A Different Approach to the Argument from Design

Today I’m writing on David Hume, a Scottish Philosopher from the 1700s, and his approach to the Argument from Design (A.F.D.).  Before reading Hume, I thought that belief in the A.F.D.  was the gateway to religion, and once one believed there was a god, the natural next step would be choosing what god and religion to believe in. However, Hume’s view of the A.F.D. not only is content with just staying at the gateway, but insists that it is irrational to go further.

Hume’s first point is his “Copy Principle,”  which states that all of our ideas are derived directly from our impressions that “exactly represent” them (Wright). Furthermore, if we have complex ideas, they are only built by our simple ideas, thus their root is our impressions. By impressions, he means ideas picked up by our senses of the outside world. For example, he offers that blind people don’t have an idea of color, and that deaf people don’t have an idea of sound. However, when explaining to a person an external object, one is conveying the impression of it. So if I were to describe my phone to you I’d tell you it was black and grey with a case that reads LifeProof– a description based solely on impressions. Now the last point he makes is as follows:

“When he suspects that any philosophical term has no idea annexed to it (as is too common) he always asks from what impression that idea is derived? And if no impression can be produced, he concludes that the term is altogether insignificant (Wright)” 

Therefore, if one has a term that lacks an idea (made by impressions) to back it, the term is unimportant like a claim made with no evidence.

With an understanding of the Copy Principle, we can deduct his criticism of the A.F.D. Hume agrees with the idea that everything has a cause and thus we can call the cause/creator of the Universe– God.  However, he disagrees with the idea that we can have any understanding or attribute any characteristics to God because we can’t reach beyond our impressions, and we have no experience with divine character. Therefore, believing God takes on a human form or is a perfect being has no backing with impressions, causing it to be insignificant. In Hume’s words, “The conclusion is that God’s nature is ‘adorably mysterious and incomprehensible’ ” (Russell). 


Hume directly addresses the A.F.D. using the analogy of builders and house. Hume says that whenever one sees a house, they know that the cause of that house was a builder, and the effect of a builder is a house. Hume claims this builder relationship to be very general, which identifies the issue with the A.F.D. analogy. Our impression of the Universe (an effect) is unique as we exist only in a minute part of it and the rest claimed about it is often theoretical and not made certain by experience.  Therefore, unlike the builders analogy, which is general, the A.F.D. analogy cannot be generalized because we have a unique view of the effect. The point Hume is making by testing the analogy is that we don’t know anything about the cause of something unknown by impression (in this case God), if we don’t fully understand the effect (the universe). Therefore in Hume’s view, the A.F.D. proves the existence of God, but also proves that we can know nothing of God.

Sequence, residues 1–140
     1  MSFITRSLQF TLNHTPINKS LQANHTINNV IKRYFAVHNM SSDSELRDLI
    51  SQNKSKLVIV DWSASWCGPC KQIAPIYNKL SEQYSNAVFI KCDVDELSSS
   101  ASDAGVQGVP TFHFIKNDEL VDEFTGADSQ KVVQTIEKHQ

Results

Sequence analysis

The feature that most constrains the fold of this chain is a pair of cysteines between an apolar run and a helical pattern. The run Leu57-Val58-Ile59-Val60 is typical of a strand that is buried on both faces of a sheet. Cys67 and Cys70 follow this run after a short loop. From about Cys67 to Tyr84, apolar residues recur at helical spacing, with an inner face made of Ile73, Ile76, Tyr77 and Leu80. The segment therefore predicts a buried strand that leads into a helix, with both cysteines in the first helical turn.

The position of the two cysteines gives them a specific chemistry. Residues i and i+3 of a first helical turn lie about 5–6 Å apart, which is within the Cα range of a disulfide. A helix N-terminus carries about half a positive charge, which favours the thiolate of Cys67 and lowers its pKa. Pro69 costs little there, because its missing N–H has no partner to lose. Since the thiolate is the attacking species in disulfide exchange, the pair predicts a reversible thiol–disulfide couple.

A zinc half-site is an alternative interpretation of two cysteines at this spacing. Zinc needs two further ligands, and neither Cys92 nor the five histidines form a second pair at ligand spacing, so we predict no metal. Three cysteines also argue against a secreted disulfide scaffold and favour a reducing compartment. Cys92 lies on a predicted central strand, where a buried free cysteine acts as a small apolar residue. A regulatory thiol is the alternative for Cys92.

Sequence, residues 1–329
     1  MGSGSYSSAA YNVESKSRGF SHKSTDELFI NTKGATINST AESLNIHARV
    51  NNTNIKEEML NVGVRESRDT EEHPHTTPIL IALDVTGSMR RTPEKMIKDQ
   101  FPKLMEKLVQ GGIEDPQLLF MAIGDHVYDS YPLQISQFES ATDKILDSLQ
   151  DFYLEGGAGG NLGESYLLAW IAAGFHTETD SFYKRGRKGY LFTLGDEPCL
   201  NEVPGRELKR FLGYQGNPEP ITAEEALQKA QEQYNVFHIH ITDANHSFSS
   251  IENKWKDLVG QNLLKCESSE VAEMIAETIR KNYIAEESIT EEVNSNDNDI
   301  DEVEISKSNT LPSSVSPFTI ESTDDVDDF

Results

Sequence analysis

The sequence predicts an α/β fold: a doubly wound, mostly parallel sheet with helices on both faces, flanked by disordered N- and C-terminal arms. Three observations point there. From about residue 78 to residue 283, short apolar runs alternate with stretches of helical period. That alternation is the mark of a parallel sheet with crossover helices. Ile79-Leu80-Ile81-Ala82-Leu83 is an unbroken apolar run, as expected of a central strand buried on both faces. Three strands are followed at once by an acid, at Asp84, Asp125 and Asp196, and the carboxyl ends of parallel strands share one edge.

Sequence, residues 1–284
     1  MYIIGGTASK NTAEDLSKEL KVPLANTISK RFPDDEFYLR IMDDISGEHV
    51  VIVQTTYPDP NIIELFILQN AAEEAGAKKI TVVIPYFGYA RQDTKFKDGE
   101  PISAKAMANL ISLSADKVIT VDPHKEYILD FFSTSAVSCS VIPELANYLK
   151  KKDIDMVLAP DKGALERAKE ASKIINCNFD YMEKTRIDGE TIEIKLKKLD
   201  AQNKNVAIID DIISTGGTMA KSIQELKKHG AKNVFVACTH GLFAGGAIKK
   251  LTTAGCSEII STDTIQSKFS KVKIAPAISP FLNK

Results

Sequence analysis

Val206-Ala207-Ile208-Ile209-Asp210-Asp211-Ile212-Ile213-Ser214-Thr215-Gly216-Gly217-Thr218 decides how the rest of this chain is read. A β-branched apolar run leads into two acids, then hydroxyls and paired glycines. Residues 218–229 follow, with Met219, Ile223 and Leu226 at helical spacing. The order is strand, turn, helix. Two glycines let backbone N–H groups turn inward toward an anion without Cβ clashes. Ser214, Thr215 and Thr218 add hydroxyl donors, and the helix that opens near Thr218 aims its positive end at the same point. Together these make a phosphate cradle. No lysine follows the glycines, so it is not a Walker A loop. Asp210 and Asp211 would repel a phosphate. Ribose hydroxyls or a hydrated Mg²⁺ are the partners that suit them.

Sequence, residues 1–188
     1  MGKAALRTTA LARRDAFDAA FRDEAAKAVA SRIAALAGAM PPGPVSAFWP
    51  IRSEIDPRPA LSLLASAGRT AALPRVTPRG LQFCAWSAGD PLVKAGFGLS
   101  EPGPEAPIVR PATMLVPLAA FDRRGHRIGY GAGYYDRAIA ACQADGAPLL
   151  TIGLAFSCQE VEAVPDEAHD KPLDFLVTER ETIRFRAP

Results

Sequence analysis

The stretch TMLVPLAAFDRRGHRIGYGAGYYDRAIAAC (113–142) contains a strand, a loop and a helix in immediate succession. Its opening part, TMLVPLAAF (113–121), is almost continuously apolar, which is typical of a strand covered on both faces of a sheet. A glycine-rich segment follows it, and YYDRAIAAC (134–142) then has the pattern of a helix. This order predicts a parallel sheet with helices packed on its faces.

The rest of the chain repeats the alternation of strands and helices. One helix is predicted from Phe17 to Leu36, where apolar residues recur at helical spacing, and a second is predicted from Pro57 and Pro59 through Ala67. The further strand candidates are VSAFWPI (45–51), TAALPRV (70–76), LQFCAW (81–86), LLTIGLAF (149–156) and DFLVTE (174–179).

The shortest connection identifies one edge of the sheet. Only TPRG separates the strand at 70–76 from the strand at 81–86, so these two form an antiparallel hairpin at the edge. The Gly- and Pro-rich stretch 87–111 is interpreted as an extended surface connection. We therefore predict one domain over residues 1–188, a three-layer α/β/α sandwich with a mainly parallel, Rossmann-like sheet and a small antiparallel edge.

I am writing on Hume because I think he shows weaknesses in the A.F.D. that are interesting and seemingly close the door to exploration of believing in religions that believe they have any understanding of God. However, my one issue with his beliefs is that he accepts the First Cause Argument, which is the idea that everything has a cause, but God was the first cause and therefore doesn’t need a cause. Not only does the argument seem self-defeating to me, but Hume has never experienced something without a cause and thus by his own Copy Principle how can he believe in the First Cause Argument?




Russell, Paul. “Hume on Religion.” Stanford Encyclopedia of Philosophy. Stanford University, 04 Oct. 2005. Web. 27 Jan. 2017.

Wright, John. “First Principles of Hume.” First Principles of Hume. Central Michigan University, n.d. Web. 12 Feb. 2017.


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